When I set out with Aphotic to create a best practice seafood restaurant, subscribing to the ethos of “try to use everything”, or as the inspirational Chef Josh Niland says, “the whole fish”, I was serious about the endeavor. Niland’s book, The Whole Fish, has been a game changer for many in this fishy industry of food, and I look at this work as the playbook for the modern seafood restaurant in the categories of ethics, presentation, and passion. The new standard has been set, brought forth to us from Australia by a bunch a tall poppies - and, it’s a beauty.
In my head, as I was working through my version of a seafood restaurant concept, what would later become Aphotic, I could hear Niland blubbering away in his goofy Australian accent about “the culinary opportunities that may be found in the belly of a pristine John Dory fish,” and other such Niland recommendations that one catches posted on his various performing Gram holdings.
With my limited exposure to Australians in general, and with certainly no direct access to “Saint Peter” himself, this voice in my head that is ”his”, is a mixture of Mic Dundee, from the popular 1980s film Crocodile Dundee, and Bandit, the whimsical father in the popular Australian children’s program Bluey, that I admittedly enjoy watching with my children.
Indulging in Bandit’s antics on the screen with his dogs/kids, Bluey and Bingo, has taught me to be a better father (this is true for many of us bad fathers out there), Mic Dundee’s confrontation with New York’s gangs in the 80s has given me one of my favorite phrases in “that’s not a knife” when comparing blade sizes with some of my chefs in the kitchen, and Josh Niland’s books have shown me the way of how to be a better practitioner of fish butchery. Good on ya, Australia.
While the advent of a charcuterie program at Aphotic was a natural extension of creatively finding purpose for trim and non-primary parts of the fish, I have to admit that even for someone as odd as I am, Niland’s approach is truly out of this world, rightly putting the “alien” in Australian.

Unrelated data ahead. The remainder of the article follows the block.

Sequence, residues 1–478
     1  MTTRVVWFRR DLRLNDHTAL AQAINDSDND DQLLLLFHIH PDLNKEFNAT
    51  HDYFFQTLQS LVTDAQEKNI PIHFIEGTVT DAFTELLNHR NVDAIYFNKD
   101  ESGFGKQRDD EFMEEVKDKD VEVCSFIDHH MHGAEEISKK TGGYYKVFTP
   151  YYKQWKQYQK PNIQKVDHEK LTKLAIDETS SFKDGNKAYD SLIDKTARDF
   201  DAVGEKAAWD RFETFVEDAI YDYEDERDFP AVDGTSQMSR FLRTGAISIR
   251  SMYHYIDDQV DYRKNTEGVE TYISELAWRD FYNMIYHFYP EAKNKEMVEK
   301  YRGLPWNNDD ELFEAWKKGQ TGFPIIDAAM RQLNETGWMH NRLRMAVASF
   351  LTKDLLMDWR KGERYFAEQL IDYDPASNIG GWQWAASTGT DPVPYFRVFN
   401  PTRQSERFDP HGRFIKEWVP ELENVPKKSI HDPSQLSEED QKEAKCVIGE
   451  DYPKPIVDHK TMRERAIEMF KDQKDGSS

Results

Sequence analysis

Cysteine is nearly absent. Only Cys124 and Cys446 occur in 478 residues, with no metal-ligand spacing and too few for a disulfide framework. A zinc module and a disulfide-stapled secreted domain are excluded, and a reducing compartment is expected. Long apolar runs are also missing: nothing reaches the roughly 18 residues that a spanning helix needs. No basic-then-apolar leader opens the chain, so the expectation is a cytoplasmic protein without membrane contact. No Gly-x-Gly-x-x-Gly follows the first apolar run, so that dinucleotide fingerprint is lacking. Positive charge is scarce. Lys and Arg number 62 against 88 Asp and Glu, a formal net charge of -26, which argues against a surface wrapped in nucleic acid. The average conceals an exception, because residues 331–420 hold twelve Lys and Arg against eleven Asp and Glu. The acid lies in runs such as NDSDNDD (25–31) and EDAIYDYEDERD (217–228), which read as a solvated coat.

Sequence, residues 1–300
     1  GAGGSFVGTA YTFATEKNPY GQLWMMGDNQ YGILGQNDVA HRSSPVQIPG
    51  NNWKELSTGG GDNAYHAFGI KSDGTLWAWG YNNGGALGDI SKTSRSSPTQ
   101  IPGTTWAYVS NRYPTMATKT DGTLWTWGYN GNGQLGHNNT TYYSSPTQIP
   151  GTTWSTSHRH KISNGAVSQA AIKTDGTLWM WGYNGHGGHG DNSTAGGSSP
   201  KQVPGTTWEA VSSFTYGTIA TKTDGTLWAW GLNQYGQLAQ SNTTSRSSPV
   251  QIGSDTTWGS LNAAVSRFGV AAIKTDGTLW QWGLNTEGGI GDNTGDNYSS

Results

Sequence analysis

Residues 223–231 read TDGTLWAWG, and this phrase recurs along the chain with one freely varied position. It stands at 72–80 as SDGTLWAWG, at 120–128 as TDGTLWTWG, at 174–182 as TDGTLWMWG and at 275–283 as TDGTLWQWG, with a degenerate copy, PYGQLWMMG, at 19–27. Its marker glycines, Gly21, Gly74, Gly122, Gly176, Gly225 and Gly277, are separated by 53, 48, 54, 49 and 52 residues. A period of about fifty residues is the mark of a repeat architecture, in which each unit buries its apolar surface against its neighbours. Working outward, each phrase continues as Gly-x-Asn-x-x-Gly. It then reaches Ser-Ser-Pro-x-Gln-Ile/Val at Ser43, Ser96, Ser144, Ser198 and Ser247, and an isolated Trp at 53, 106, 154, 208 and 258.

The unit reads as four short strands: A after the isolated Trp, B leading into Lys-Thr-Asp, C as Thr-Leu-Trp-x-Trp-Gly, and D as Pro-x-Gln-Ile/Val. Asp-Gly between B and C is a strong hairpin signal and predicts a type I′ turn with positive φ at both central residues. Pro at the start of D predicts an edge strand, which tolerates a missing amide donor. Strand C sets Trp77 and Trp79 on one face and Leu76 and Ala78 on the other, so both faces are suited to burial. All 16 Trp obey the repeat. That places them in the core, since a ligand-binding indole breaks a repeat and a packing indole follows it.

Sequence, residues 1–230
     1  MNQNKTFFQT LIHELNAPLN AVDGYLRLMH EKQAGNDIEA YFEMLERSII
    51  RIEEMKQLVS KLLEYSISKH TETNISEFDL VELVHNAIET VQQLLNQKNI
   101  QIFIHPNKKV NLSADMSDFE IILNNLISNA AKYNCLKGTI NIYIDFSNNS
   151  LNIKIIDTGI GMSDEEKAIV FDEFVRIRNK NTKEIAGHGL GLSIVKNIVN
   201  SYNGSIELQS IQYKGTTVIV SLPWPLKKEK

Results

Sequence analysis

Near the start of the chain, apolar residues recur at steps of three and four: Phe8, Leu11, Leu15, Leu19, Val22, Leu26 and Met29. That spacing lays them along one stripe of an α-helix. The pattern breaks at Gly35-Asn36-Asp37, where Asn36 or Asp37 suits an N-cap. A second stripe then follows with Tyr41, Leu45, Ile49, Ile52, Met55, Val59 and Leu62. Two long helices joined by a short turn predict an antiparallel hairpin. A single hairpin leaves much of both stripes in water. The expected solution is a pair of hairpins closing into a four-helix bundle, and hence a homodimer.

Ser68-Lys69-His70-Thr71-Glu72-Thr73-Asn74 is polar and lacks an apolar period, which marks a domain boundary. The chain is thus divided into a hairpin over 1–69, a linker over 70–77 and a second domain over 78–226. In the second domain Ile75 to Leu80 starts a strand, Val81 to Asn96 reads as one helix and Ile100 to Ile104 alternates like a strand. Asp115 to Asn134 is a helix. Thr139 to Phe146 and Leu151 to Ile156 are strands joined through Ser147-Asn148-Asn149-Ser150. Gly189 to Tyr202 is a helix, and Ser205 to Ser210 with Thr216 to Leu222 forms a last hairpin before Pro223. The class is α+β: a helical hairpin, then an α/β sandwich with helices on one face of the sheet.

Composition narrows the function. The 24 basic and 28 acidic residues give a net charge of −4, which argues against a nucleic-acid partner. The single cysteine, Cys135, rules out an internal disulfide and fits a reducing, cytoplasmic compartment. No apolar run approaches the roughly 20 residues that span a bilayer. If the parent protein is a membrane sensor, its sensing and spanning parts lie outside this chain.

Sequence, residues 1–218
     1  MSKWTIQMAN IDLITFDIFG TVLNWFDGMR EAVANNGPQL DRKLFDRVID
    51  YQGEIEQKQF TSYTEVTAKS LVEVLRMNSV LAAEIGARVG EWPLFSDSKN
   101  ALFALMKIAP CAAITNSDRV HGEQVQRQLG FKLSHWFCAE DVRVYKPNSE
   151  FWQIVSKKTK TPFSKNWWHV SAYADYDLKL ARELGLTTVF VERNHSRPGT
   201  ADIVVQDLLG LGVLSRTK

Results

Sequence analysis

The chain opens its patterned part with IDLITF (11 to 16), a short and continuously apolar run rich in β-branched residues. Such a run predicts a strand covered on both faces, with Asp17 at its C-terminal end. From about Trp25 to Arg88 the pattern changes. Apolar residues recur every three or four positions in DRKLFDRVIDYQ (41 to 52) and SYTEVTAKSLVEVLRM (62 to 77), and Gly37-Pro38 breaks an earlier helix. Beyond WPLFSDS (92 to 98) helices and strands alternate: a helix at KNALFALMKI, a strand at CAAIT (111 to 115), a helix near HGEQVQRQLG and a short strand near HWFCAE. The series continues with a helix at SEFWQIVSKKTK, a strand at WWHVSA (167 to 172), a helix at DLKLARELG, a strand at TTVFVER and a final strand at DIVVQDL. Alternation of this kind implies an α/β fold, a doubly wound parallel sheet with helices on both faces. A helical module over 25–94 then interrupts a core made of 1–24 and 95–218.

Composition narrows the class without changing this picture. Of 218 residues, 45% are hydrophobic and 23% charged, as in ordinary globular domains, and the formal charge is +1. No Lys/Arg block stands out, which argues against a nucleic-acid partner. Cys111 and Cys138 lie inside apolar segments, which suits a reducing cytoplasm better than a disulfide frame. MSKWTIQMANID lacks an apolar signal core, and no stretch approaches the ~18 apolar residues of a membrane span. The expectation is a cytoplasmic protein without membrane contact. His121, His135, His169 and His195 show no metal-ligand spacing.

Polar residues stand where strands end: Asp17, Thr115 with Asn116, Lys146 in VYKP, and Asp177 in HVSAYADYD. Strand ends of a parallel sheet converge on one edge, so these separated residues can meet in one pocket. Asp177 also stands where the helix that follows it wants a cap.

I fucking love this Martian of a man; everything he and his team come up with is brilliant, though admittedly his recipes don’t always work for me in practice (Murray Cod fat was a big failure in usage for us - shit smells like pond scum - not really sure how anyone downunder can like that - but, on the other hand, they do like Vegamite on toast, so maybe they are just kooky), nor are the fish in my part of the pond identical (I would love to find an equivalent for a beautiful and mythic coral trout, found near the Great Coral Reef - but, alas, we have killed all of our native coral already with the acidification of oceans due to all of the lime slices lost to the Gulf during successive decades of the college Spring Breaks, Girls Gone Wild, and Corona Beer Marketing influence - and the closest match I can locate is a rare Florida Grouper called a Kitty Mitchel)- making imitation with Australian resources sometimes impossible.
We at Aphotic are mainly working with what we can find here on the Pacific coast of California, North to Alaska, and select parts of this glorious Union where good and tasty fishy bites may be available, but with limited scope.
With the volumes of fish that we currently contemplate at the restaurant, we typically accumulate large amounts of these excess parts, turning into what Chef Niland calls “fissues” - the odds and ends of fish butchery - that I challenge myself and team to repurpose into something that improves on our already dynamic culinary programming.
Fish charcuterie at Aphotic was born from this philosophy, and while we don’t always use odds and ends for our creations (sometimes we just use some of the best parts, hahhahahhahahahhhahaha! (evil laugh)) in this one facet of the culinary agenda, we have had a lot of success in adapting fish into preparations that were once exclusively the domain of meat.
I guess my own storied background in various facets of the culinary world, too, prepared me for this transition. When I was a young ankle biter chef, I worked in Danny Boulud’s kitchen in NYC, witnessing very professional French charcuterie take hold of the Theater going types of the Upper West Side at the Bar Boulud near Lincoln Center. Sylvan Gasdon was the scrapper from Giles Verot’s Charcuterie in Paris that was chosen to spearhead the initiative - a massive underground kitchen producing pates, boudins, terrines, sausages, meatpies, and other french-as-fuck stuff.
I was just cooking steak on the hotline, and getting into trouble - but I did have a rudimentary handle on the French language, and so I made better friends with the Frenchies in the company (there were many), than the hard Brooklyn and NJ types that get gravitationally sucked from the burrows to the City to work with the world. I was, effectively, the “half french”, and understood as someone that “got it”, even if I was rough around the edges. Years later, I ended up helping Sylvan open his own charcuterie establishment in Orsay, France, which is where my appreciation for the finer pates in life was really solidified. I just knew that this experience would pan out with something useful. Merci Sylvan and Aileen!